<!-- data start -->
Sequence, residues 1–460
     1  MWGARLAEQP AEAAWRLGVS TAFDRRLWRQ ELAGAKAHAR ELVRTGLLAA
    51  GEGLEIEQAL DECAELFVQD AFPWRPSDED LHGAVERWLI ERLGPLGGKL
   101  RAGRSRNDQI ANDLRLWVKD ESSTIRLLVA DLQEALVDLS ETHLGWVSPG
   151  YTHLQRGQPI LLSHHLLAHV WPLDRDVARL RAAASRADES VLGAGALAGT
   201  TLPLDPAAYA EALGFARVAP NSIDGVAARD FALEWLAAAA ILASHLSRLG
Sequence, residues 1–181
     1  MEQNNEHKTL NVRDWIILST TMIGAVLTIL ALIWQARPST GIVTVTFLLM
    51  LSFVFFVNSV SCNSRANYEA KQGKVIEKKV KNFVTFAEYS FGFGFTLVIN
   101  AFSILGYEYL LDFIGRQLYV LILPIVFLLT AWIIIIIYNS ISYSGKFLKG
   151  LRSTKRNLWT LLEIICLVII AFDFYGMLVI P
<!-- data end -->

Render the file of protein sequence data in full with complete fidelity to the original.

Sequence, residues 1–460
     1  MWGARLAEQP AEAAWRLGVS TAFDRRLWRQ ELAGAKAHAR ELVRTGLLAA
    51  GEGLEIEQAL DECAELFVQD AFPWRPSDED LHGAVERWLI ERLGPLGGKL
   101  RAGRSRNDQI ANDLRLWVKD ESSTIRLLVA DLQEALVDLS ETHLGWVSPG
   151  YTHLQRGQPI LLSHHLLAHV WPLDRDVARL RAAASRADES VLGAGALAGT
   201  TLPLDPAAYA EALGFARVAP NSIDGVAARD FALEWLAAAA ILASHLSRLG
Sequence, residues 1–181
     1  MEQNNEHKTL NVRDWIILST TMIGAVLTIL ALIWQARPST GIVTVTFLLM
    51  LSFVFFVNSV SCNSRANYEA KQGKVIEKKV KNFVTFAEYS FGFGFTLVIN
   101  AFSILGYEYL LDFIGRQLYV LILPIVFLLT AWIIIIIYNS ISYSGKFLKG
   151  LRSTKRNLWT LLEIICLVII AFDFYGMLVI P